It might be worth looking to see if you have a Carers Centre near you where you can get local advice and meet other carers.
 

Gosling

Volunteer Host
Aug 2, 2022
2,165
0
South West UK
Hello Michael @Michael_1948 and welcome from me also to this friendly and supportive forum. There is a wealth of shared experience of dementia to be found here so I am glad you have found us.
I'm also pleased to hear your daughter recommended this forum.
I'm sorry to read about your wife's confusion and memory loss. Do you actually have a diagnosis I wonder?
Anyway, do have a good look around the forums and ask any particular questions you may like to. Use the forum too as a place to let off a bit of steam when you need to. People here understand.
 

Michael_1948

New member
May 8, 2024
2
0
Hello Michael @Michael_1948 and welcome from me also to this friendly and supportive forum. There is a wealth of shared experience of dementia to be found here so I am glad you have found us.
I'm also pleased to hear your daughter recommended this forum.
I'm sorry to read about your wife's confusion and memory loss. Do you actually have a diagnosis I wonder?
Anyway, do have a good look around the forums and ask any particular questions you may like to. Use the forum too as a place to let off a bit of steam when you need to. People here understand.
Thank you. My wife was referred to the Adult Mental Health team, and we took her twice to see the doctor in charge, for memory tests. There was loss of cognitive ability, and memory issues. The second one was very slightly improved, and he referred her back to the GP, where all contact stopped. She managed the memory test better, maybe because she knew what was happening, but things are gradually worsening.
It is good that our daughter, who has experience in working in a care home for residents with various personality disorders. Also, our granddaughter is training as a mental health nurse, and is a good support when she is at home.
 

SeaSwallow

Volunteer Moderator
Oct 28, 2019
6,986
0
Hi all - new person on here, currently struggling with a Mum who has undiagnosed dementia and will not go to the Doctors about it. I live about 20 minutes drive away and pop over a few times a week to get her shopping and check on paperwork. Issues are that she will not accept any other help at all, despite her mobility now being bad, and being vulnerable because of her memory issues.

Thankfully she can still look after herself, but since my father died a few years ago, her narcissism is out of control, and it is all about her and her issues, without any thought for family or friend's feelings. She is also living with breast cancer, and is on a cocktail of pills, which she forgets to take, and gets very annoyed about if you try to help her with them. Her surgery have now issued dosset boxes, and I just pop the next week's box in the kitchen for her to take when I am up there. Thankfully she isn't violent but she can be very snappy and hurtful to those trying to help her.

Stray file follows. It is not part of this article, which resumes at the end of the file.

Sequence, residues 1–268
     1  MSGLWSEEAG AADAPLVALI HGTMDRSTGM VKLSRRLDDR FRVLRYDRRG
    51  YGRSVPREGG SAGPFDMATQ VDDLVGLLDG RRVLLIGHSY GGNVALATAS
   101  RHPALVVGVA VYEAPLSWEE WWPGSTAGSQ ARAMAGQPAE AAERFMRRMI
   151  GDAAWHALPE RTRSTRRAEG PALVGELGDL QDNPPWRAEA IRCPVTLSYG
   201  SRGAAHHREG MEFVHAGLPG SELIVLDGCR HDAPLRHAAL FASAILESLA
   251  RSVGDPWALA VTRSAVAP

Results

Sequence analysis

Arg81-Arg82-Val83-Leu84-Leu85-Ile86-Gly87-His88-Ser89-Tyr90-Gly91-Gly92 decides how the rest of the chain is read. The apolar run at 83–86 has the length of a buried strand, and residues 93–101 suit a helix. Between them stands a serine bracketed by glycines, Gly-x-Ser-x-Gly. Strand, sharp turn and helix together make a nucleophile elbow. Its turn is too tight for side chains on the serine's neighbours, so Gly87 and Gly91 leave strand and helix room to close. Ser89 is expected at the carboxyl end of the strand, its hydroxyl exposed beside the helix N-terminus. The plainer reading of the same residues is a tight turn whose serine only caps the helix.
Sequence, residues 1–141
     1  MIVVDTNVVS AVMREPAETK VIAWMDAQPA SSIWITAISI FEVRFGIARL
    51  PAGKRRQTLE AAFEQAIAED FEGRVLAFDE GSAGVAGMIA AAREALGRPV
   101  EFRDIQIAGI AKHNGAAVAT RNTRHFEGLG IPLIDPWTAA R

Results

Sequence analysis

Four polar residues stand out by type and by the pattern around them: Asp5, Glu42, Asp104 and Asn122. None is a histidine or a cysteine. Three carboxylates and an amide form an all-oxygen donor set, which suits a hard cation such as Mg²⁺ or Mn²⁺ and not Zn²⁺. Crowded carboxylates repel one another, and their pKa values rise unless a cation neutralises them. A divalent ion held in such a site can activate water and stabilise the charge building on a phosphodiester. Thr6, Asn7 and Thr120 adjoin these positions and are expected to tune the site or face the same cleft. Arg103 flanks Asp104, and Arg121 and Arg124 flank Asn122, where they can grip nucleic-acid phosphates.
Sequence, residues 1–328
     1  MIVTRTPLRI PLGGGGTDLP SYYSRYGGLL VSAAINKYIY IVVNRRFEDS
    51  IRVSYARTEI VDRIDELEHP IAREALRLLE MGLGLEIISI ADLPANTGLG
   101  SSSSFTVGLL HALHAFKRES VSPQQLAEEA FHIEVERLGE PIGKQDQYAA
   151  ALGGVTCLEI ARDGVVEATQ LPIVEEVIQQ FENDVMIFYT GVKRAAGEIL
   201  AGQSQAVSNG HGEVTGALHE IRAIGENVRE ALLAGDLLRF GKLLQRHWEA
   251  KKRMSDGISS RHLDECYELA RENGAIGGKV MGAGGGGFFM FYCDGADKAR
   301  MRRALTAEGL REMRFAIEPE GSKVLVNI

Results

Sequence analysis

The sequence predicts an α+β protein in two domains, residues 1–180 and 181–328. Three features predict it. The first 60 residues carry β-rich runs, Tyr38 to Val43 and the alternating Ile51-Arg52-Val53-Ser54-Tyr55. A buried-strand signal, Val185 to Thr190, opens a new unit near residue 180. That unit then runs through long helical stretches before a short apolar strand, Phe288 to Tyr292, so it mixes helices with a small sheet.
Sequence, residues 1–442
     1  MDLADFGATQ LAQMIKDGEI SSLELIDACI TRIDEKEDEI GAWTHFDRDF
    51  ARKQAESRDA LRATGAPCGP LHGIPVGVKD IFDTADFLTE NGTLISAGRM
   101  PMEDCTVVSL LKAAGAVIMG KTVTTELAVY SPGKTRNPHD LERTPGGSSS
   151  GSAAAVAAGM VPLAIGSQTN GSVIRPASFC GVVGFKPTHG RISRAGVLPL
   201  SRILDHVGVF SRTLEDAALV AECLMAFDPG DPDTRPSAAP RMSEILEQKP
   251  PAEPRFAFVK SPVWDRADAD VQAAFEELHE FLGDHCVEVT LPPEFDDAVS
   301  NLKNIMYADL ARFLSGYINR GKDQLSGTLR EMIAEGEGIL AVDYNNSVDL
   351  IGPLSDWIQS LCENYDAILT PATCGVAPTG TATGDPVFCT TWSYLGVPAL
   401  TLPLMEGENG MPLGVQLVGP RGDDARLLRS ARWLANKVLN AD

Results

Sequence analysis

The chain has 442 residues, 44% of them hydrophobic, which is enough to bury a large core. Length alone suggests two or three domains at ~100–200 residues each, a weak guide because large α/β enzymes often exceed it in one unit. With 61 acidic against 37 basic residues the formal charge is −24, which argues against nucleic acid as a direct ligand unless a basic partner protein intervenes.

I think the worst thing for me is that I don't get a lot of help from family or friends, some firmly don't want to get involved, but are quite happy to visit and chat, which at least gives her some company (as I work full time). My brother is not good, (we don't talk very well as it is), and she has just one good friend left now who understands, but doesn't get too involved.

It has been very helpful to me to realise I am not alone, as it is hard to process your parent turning into a hateful, spiteful and contradictory person. My mum has always had traits of this in her (being a teenager around her was hell...) but we had repaired our relationship well until she started showing signs, now it is like being 13 again. It upsets me a lot, as it brings up things from my teenage years I thought I had resolved, but I also realise lots of people on here are living with a lot worse! I take my hat off to you all for your bravery and stoicism in the face of this awful disease.
Hello @Neutronflower and welcome to the Dementia Support Forum. You have been going through a lot recently especially if you do not get much help from family and friends. When you are ready you might find it useful to start a thread on the 'I care for a person with dementia' area. There you can ask questions, talk about how you feel or just have a rant when needed.
 

Chizz

Registered User
Jan 10, 2023
4,321
0
Kent
Hello My mum has had Alzheimers now for 10years at least, the past 2 she has been completly bedbound.
Hi @Fazvbang - welcome to this forum from me too. I feel for you and know where you're at. My OH has been bedbound since July 2022, so coming up for 2 years.
Best wishes
 

Ravenbrand

New member
May 10, 2024
6
0
Just joined to try and get some help and a better understanding. Both mum and dad (87 and 89) have Alzheimers and were tested before the pandemic and diagnosed during and after a great deal of hassling, cajoling and sad to say complaining. My sister and I are their carers but matters have worsened to the degree where we now have 24 hour live-in care.